Fine…pretty. She refused to register the comments. Eddie probably spoke like that to every female within a ten-mile radius. And what had she come to say? It was in her brain somewhere.

  It took a moment for the arguments she’d rehearsed in the car to shoot to the forefront of her mind, but then she demanded, “What are you doing here?”

  He got an innocent look on his face. “I’m fixing a storm drain. ”

  “I can see that. I mean, what are you doing?” She swept her arm, taking in the abandoned house and surrounding ranch property. “Here. ”

  “Ah. ” He met her eyes, and for once he looked serious. “You heard the news. ”

  “Yeah, I heard about your Golden Slumbers Ranchlandia. ”

  He laughed. “It’s Sleepy Hills Resort and Spa. ”

  “Whatever. ” She waved an impatient hand. “Sounds like a cemetery to me. Fitting, seeing as you’re about to bury the Bailey family business. ”

  “We have no intention of burying your business,” he said, his tone annoyingly kind. “It’ll be good for the whole town. Fairview Properties contracted the Jessups. We buy our supplies from Tom’s hardware store. Soon we’ll hire local workers. Workers who’ll then go eat at your tavern. An influx of money all around. ”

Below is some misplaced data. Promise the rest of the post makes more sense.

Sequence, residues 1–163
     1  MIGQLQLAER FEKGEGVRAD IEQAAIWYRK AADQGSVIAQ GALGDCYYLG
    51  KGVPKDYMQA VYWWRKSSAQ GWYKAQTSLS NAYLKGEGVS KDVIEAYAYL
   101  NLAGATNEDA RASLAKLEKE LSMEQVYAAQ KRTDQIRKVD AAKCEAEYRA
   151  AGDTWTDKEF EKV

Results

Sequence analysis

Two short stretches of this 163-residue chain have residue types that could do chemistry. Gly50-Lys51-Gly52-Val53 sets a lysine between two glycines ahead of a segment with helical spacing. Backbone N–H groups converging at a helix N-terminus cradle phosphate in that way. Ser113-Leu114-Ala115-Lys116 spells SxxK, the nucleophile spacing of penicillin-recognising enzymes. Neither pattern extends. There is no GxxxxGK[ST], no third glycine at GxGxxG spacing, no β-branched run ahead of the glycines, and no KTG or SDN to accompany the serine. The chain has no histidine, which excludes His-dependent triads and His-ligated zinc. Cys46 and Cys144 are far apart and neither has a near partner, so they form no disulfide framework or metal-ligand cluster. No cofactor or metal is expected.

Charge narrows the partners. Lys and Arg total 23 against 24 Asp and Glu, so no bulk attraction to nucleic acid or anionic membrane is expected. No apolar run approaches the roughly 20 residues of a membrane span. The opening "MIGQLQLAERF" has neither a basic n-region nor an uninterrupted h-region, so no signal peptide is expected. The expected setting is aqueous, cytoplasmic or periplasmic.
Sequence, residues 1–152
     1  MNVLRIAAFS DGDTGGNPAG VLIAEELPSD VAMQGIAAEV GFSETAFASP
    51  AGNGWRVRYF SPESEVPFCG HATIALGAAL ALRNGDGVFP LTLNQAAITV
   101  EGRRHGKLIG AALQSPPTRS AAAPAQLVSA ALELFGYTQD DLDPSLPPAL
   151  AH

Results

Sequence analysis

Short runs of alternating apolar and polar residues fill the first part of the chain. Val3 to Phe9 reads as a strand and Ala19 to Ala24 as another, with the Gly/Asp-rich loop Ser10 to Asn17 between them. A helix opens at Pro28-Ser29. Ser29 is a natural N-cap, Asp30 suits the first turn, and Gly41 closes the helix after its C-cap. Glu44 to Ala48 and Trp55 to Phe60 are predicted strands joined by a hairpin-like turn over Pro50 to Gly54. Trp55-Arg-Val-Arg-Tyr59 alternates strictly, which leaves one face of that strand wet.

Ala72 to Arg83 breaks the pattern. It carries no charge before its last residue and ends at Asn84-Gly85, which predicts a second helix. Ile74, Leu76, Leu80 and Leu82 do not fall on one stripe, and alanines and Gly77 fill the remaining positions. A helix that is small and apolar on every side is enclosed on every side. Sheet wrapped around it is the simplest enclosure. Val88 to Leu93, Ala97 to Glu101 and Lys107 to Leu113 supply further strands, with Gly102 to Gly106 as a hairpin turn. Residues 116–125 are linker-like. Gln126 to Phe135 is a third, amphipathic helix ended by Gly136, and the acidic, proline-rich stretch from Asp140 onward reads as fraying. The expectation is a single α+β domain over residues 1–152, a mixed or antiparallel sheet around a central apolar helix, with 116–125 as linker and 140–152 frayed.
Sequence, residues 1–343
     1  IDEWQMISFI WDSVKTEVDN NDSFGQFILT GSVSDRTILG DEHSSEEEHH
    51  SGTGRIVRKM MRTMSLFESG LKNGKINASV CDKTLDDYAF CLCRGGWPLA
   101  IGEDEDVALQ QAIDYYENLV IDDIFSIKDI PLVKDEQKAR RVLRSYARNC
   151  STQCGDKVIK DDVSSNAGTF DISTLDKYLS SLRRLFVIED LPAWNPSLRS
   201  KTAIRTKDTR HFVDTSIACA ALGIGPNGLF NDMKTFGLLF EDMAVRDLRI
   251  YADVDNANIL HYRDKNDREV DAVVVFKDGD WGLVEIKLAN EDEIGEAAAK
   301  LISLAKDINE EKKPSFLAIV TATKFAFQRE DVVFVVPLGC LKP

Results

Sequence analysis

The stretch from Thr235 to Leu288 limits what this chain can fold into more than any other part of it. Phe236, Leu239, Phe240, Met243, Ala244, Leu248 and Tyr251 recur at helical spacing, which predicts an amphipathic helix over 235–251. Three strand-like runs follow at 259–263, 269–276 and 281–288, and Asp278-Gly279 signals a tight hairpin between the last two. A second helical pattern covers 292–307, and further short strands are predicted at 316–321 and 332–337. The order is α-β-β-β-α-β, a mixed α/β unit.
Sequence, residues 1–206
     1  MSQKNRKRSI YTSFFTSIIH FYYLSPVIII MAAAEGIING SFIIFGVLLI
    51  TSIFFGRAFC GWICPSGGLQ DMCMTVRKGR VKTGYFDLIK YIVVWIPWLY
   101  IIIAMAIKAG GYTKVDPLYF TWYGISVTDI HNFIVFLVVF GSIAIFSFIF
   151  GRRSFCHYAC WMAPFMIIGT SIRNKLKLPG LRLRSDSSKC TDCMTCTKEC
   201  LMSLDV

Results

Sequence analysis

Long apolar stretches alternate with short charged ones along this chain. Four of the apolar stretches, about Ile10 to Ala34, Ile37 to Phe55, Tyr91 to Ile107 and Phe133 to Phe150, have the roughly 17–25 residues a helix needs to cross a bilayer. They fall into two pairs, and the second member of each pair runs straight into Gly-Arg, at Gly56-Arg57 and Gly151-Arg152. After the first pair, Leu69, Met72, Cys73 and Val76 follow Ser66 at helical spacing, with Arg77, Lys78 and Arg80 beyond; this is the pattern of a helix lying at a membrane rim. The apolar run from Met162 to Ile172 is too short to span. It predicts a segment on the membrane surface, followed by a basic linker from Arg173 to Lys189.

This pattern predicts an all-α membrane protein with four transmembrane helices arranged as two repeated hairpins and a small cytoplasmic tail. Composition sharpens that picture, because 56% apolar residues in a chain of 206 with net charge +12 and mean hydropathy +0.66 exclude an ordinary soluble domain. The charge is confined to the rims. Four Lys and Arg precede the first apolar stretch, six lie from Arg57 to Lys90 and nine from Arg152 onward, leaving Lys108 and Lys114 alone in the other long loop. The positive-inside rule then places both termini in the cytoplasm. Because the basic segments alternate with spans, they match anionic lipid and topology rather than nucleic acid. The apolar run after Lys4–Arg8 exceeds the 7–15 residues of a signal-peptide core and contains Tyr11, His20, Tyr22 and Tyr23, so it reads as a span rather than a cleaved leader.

She tapped a finger on her chin. “And hmm…let’s see. Who do you think the big winners are in this whole thing? Fairview, that’s who. Because apparently they can just go wherever they want and install their giant resorts, meanwhile mowing down whatever stands in their way. ” Mowing down her family’s lodge. “What’s next, another Trump Tower?”

  “Easy, Laura. I’m not the bad guy here. ”

  His soothing tone had the opposite effect on her—it always did—and she stabbed her finger into his chest. “How about we kick the Kidd sisters out of their house and turn it into a Holiday Inn?”

  “Nobody was kicked out. You know full well how those dot-com people abandoned this place for a swanky Sausalito condo years ago. It’ll be good to fix it up. ” He took and held her finger, giving it a soft squeeze. “Look, Laura. I run a small business. We’re working hard to get by, just like the rest of the town. We’ve got to take our jobs as we get them. ” Eddie’s hand was callused, and warm, and aggravatingly gentle.